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Inside the Mind of Charles T. Tart
By Greg Taylor of The Daily Grail

The Archives of Scientists' Transcendent Experiences (TASTE)

http://psychology.ucdavis.edu/tart/taste/ or www.issc-taste.org

Over the years many scientists, once they've realized I'm a safe person to talk to, have told me about unusual and transcendent experiences they've had. Too often I'm the first and only person they've ever spoken to about their experiences, for fear of ridicule from their colleagues and adverse, prejudicial effects on their careers. Such fears have, unfortunately, too much of a basis in fact. It's not that there are a lot of scientists with nasty intentions deliberately trying to suppress their colleagues; it's just the social conditioning of our times.

I want to change that, and I ask your help in doing so.

Scientists today often occupy a social role of "high priests," telling laypeople and each other what is and isn't "real," and, consequently, what is and isn't valuable and sane. Unfortunately, the dominant materialistic and reductionistic psychosocial climate of contemporary science (what sociologists long ago named scientism, an attitude different from the essential process of science), rejects and suppresses a priori both having and sharing transcendent, transpersonal and altered states (or "spiritual" and "psychic," to use common words, in spite of their too vague connotations) experiences.

From my perspective as a psychologist, though, this prejudicial suppression and rejection psychologically harms and distorts the transcendent (and other) potentials of both scientists and non-scientists, and also inhibits the development of a genuine scientific understanding of the full potentials of consciousness. Denial of any aspects of our nature, whatever their ultimate ontological status, is never psychologically or socially healthy.

The Archives of Scientists' Transcendent Experiences (TASTE) site that I have opened is intended to help change this restricted and pathological climate through the operation of a World Wide Web site in journal form that allows scientists from all fields - from anthropology through botany through mathematics through physics through psychology through zoology, to name just a few - to share their personal, transcendent experiences in a safe, anonymous, but quality controlled space that many people have ready access to.

TASTE:

  • Allows individual psychological growth in the contributing scientists by providing a safe means of expression of vital experiences;
  • Leads toward a more receptive climate to the full range of our humanity in the scientific professions, which, in turn, will benefit our world culture at large;
  • Provides research data on transcendent experiences in a highly articulate and conscientious population, scientists;
  • Facilitates the development of a full spectrum science of consciousness by providing both data and psychological support for the study of transcendent experiences;
  • Helps bridge the unfortunate gaps between science and the rest of culture by illustrating the humanity of scientists.

Please take a look at TASTE: the URL is http://psychology.ucdavis.edu/tart/taste or www.issc-taste.org. If you find it valuable, please pass this information on to friends and colleagues. I have no budget for advertising, so must depend on word of mouth to get this information around.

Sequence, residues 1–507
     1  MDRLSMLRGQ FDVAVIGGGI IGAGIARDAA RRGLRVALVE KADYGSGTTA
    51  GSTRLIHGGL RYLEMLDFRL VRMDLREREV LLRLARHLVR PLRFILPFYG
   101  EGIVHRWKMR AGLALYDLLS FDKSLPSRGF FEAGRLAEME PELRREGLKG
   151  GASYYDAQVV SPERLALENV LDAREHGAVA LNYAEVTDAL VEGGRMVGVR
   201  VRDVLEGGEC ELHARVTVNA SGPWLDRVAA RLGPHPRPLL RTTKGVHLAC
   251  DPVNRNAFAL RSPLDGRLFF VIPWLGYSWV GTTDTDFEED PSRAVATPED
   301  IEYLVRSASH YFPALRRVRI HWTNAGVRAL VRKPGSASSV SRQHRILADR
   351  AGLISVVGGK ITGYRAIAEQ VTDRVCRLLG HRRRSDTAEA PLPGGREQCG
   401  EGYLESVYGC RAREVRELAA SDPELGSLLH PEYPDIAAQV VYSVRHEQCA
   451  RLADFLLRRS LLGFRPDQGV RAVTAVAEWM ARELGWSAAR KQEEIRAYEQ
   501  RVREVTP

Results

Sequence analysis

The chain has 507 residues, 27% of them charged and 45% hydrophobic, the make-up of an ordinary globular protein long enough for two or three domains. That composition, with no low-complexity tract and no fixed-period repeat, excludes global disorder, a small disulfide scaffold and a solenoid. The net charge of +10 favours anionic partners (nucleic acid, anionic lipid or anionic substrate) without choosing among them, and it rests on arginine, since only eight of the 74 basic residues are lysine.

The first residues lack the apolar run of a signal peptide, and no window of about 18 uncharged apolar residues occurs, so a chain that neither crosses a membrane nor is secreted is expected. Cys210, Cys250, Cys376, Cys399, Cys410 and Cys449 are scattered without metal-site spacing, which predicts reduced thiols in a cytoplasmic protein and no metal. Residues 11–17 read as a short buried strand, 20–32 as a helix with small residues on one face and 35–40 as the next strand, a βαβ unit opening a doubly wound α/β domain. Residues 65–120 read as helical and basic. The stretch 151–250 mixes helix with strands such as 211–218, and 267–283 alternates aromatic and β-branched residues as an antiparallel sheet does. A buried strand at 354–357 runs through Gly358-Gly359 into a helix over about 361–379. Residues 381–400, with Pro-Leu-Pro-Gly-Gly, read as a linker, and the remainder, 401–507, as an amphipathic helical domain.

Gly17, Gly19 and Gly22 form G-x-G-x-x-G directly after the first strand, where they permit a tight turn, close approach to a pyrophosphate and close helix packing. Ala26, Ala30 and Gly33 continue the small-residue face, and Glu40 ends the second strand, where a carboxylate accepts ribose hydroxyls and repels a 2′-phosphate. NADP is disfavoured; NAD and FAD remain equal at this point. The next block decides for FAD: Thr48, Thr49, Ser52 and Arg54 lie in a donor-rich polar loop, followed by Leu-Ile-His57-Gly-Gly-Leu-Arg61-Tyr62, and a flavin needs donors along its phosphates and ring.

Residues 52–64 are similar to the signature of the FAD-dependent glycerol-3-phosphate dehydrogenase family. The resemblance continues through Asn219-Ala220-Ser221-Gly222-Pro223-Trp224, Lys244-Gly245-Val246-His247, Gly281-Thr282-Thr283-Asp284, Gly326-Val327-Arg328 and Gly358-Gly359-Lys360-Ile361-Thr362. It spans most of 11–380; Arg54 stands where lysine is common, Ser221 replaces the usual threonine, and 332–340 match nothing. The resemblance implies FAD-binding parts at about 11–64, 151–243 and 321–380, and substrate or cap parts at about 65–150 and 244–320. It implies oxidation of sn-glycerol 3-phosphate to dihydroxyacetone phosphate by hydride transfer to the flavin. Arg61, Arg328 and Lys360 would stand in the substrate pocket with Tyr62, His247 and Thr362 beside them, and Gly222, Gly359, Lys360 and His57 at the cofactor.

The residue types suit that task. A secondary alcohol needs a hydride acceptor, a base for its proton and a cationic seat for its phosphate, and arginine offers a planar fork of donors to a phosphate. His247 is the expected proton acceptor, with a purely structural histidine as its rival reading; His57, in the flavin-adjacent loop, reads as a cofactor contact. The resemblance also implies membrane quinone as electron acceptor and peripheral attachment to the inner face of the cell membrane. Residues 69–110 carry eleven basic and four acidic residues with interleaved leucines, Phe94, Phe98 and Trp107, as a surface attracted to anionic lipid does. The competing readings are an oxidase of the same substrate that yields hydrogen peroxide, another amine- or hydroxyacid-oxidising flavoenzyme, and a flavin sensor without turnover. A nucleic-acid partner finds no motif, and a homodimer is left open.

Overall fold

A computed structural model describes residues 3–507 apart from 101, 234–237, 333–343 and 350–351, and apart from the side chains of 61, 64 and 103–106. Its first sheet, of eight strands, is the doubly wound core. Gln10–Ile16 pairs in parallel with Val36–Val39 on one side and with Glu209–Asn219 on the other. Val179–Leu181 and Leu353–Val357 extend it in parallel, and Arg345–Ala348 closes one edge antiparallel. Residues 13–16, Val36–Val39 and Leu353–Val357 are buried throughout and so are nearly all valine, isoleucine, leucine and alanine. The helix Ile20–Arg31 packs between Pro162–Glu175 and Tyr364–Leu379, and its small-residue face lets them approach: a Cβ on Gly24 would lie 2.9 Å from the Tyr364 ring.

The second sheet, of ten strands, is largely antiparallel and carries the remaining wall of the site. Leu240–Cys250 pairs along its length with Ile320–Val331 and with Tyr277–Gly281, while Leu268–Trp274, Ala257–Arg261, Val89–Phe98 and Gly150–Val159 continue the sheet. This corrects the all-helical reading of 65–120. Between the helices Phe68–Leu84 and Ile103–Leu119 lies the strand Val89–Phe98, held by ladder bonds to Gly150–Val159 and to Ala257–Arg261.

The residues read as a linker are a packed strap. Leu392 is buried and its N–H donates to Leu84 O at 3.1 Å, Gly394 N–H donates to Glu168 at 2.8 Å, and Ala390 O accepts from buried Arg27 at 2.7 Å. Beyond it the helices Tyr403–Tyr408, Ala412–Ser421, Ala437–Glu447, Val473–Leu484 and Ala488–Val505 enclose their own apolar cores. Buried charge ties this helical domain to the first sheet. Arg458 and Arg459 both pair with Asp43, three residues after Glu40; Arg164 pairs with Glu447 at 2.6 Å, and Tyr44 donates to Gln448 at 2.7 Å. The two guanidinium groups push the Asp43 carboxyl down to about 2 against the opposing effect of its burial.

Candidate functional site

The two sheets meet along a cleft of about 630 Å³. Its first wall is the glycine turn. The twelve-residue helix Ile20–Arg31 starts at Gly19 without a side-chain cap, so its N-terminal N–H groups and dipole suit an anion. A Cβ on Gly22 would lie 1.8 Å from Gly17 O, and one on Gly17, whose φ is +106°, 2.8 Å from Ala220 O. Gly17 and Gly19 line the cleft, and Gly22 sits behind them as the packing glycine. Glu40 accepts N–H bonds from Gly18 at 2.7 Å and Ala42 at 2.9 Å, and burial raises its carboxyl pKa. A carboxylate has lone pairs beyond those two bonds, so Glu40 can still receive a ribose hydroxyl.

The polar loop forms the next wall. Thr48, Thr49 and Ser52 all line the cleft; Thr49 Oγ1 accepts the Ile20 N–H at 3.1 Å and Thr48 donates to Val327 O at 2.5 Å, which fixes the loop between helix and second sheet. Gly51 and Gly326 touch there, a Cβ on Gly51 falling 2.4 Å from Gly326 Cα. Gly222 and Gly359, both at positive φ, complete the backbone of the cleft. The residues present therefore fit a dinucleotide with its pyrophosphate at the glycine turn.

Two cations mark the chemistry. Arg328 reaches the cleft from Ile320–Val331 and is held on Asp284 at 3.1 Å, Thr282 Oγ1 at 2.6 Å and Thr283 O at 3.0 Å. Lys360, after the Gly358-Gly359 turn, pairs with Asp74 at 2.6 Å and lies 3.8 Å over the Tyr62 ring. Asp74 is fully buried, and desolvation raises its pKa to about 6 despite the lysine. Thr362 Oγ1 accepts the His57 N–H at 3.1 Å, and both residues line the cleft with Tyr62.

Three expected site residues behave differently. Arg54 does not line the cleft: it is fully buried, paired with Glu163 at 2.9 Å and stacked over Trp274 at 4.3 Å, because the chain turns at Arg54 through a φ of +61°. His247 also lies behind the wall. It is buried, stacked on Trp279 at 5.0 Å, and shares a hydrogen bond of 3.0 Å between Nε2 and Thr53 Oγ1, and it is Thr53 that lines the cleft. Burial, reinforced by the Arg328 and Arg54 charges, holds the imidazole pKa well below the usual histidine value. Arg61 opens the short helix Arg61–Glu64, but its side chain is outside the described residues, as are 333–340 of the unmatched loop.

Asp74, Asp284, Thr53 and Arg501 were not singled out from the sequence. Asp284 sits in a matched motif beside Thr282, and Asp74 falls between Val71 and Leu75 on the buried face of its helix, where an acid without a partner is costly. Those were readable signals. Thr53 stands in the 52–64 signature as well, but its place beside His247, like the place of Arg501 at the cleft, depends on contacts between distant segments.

If you have a web site of your own and can add a link to TASTE, thank you! Feel free to copy one of the TASTE experiences as an example on your web site, if you like.

In terms of conventional, slower publicity, if you can recommend any journals I should send notices to, please let me know. If you are the editor of any publication, you have my permission (and thanks!) to print this notice in your publication.

And if you value The Archives of Scientists' Transcendent Experiences as much as I do and would like to make a financial contribution to help support it, email me about it. TASTE is sponsored by the Institute for the Scientific Study of Consciousness Inc., and all contributions are fully tax deductible.

Thank you!

Charles T. Tart, Ph.D., Editor
Professor Emeritus, Psychology,
University of California at Davis
Professor, Core Faculty, Institute of Transpersonal Psychology,
Palo Alto, CA

"BEST SCIENCE SOCIAL INNOVATION OF 2000

The Science Social Innovations Award 2000 goes to Professor Tart in California for The Archives of Scientist's Transcendent Experiences (TASTE) on the web (at www.issc-taste.org). Professor Tart believes that the materialistic and reductionist psychosocial climate of contemporary science has rejected and suppressed both the having and the sharing of transcendent, transpersonal, spiritual or psychic states and experiences.

The website is a safe and anonymous, quality-controlled space that scientists can contribute to and that the general public can have access to. It will lead, he hopes, to a more receptive climate within the scientific profession to the full range of our humanity.

[The Institute for Social Inventions is an educational charity founded in 1985 and based in London, with as patrons, inter alia, Brian Eno, Anita Roddick, Sir Peter Parker and Fay Weldon. Schemes around the world are drawn to the Institute's attention by its international correspondents and are judged by the directors of the Institute.]"


Greg Taylor, owner/editor of 'The Daily Grail', is currently researching the mystery of whether consciousness survives the body. He welcomes enquiries from publishers, magazine editors, and literary agents who are interested in his work

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